Difference between revisions of "OggPlay/Win32"
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== Binaries of the OggPlay Mozilla plugin ==
== Binaries of the OggPlay Mozilla plugin ==
For people not interested in developing the plugin but willing test it on their own machine are very much encouraged to download the
For people not interested in developing the plugin but willing test it on their own machine are very much encouraged to download the the plugin :
the plugin Mozilla directory. This is usually ''C:\Program Files\Mozilla Firefox\plugins'' unless your Mozilla Firefox has been installed in different than default location. To test the plugin go to [http://media.annodex.net/cmmlwiki/Special:ListAllItems cmmlwiki]. If you see the video playing then you successfully installed the plugin. Enjoy!
Latest revision as of 06:46, 23 May 2014
This page was created to give developers a first hand assistance in starting development of Mozilla Firefox plugins on Windows. After the generic development environment setup we present the setup of OggPlay Firefox plugin for Vorbis/Theora OggPlay player plugin. If you have an experience in plugin development and want to test or contribute to the OggPlay plugin development you might want to skip to the next section and go directly to OggPlay player plugin. If you do not have your development plugin environment set up you should start with basic plugin environment configuration.
Setup of basic Mozilla plugin development environment
The documentation on set up of development environment for Mozilla plugins development of Linux/UNIX, Win32 and MacOS is inconsistent and partially incomplete at least. In an attempt to fill in the blanks this section presents basic development environment setup for Win200x/XP.
Basic Mozilla plugin setup for MS Windows Win200x/XP
Although we tested those steps on Windows 2003 Server and Windows XP the configuration should work on the other Window platforms (such as Windows Vista). We also assume that you are using MS Visual Studio 2003 or 2005 altough you should be able to setup the environment using VS6 in a similar way. If you are using other environment/compiler you are on your own.
Before starting setting up your plugin development environment you will need following tools and SDKs:
- Mozilla Firefox (at least in version 1.7 provided you use appropriate Gecko SDK)
- Mozilla Gecko SDK - there are two recent releases of Gecko SDK (1.7 for Firefox 1.0 and 1.8 for Firefox 1.5. and 2.0) available for download on Mozilla Developer Center. Here are direct links to both versions of the SDK:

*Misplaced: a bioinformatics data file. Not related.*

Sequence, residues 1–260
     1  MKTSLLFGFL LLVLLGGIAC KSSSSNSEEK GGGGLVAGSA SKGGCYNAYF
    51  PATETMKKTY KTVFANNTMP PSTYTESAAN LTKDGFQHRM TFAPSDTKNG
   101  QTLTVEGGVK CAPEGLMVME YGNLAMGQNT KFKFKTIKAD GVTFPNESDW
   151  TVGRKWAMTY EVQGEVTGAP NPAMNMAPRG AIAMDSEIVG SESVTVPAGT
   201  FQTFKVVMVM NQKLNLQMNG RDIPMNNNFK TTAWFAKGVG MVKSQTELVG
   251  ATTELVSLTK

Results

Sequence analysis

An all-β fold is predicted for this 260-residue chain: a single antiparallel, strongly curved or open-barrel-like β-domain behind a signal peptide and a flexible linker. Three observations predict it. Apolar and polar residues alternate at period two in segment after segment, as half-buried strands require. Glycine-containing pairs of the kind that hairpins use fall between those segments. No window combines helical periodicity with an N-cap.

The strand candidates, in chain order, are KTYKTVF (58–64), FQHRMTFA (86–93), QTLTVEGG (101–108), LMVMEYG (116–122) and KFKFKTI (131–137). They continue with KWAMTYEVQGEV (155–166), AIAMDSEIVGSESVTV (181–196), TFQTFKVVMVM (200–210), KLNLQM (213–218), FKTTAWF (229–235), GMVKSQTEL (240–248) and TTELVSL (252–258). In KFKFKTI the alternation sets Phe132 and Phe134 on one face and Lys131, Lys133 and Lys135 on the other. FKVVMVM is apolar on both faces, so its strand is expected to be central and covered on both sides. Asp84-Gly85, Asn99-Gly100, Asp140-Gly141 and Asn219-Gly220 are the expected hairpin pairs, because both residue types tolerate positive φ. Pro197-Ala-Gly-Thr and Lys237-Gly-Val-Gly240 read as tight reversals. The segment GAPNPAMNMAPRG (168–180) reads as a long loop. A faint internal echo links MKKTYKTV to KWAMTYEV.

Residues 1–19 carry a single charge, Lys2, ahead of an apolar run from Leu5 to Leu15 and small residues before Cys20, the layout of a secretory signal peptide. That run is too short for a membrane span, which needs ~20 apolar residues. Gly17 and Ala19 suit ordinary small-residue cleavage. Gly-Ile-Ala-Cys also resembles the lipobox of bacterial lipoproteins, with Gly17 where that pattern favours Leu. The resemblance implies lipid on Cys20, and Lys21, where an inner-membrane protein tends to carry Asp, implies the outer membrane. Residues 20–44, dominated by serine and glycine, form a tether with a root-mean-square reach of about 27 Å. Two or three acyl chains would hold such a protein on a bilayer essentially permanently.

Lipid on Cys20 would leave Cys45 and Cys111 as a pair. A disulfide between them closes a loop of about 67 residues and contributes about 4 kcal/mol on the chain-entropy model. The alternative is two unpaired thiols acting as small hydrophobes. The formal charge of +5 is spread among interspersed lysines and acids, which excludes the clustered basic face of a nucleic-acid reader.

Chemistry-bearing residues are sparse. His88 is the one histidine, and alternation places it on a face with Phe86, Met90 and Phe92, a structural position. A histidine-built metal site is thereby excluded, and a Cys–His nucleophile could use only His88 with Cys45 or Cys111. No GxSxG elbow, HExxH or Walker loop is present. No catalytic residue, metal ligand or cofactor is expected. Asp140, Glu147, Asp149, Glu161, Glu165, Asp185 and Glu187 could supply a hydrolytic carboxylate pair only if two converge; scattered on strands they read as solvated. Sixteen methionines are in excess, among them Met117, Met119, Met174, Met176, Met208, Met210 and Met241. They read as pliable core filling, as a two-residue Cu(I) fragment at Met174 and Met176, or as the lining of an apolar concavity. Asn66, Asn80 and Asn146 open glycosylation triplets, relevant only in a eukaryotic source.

- Mozilla WinTools - to use xpidl compiler you need also Mozilla WinTools: Direct download
- Microsoft Platform SDK - to compile the plugins you will need to get also Platform SDK from Microsoft Download Center
- SVN client for Windows - there are many Windows clients for SVN, however one of the best is Tortoise SVN available from tigris.org. While your are on it you might want to try AnkhSVN addin for Visual Studio.
Once you unzipped Gecko SDK and installed MS Platform SDK you need to make sure your xpidl compiler is working properly. Unfortunately, the official release of Gecko SDK assumes you have following .dll on your system and in your PATH (provided you are using the newest version of WinTools):
They are included in WinTools package under windows\bin\x86. In order for xpidl to run properly you need to have those .dll files in the same directory as xpidl.exe. Alternatively, if for some reason you do not want to copy those files across you can add the directory where those .dll are located to your system PATH variable. You can do that by navigating to Control Panel->System and then choosing Environment Variables in Advanced tab. There are also other options such as modifing Visual Studio environment by changing vcvarsall.bat script but it is outside of scope of this document.
Once your xpidl you can try your environment and compile the official Mozilla samples. More details presented in the next section.
Testing development environment with sample Mozilla plugin
This is an optional step and unless you failed setting up environment for the OggPlay plugin or you want to build your own plugin you can probably skip this step. But if you want to understand the Mozilla plugin structure it is probably recommended to start with something simple.
Once your xpidl is working properly you can try to compile the official Mozilla samples. You can download them here. The important thing about this archive is that we are interested only the Win32SDK\sdk\samples directory. In particular, attached gecko-sdk is not the most recent one. If you navigate to one of the samples and their windows directory you can open projects' .dsp file. If you are using newer version of Visual Studio than 6.0 it will be converted to the new format. Once you opened sample project you need probably update some of the configuration settings. In Project->Properties menu select C\C++->General and change Additional Include Directories to your Gecko SDK include directory (Note: this is preferably the new Gecko SDK in the archive gecko-sdk-i586-pc-msvc-1.7.zip or gecko-sdk-win32-msvc-188.8.131.52.zip and not the one attached to the samples archive). If you are using Gecko SDK 1.7 or Gecko SDK 1.8 you need to include samples include directory (i.e. ..\..\include) and only main Gecko SDK include (e.g. ..\..\..\gecko-sdk\include).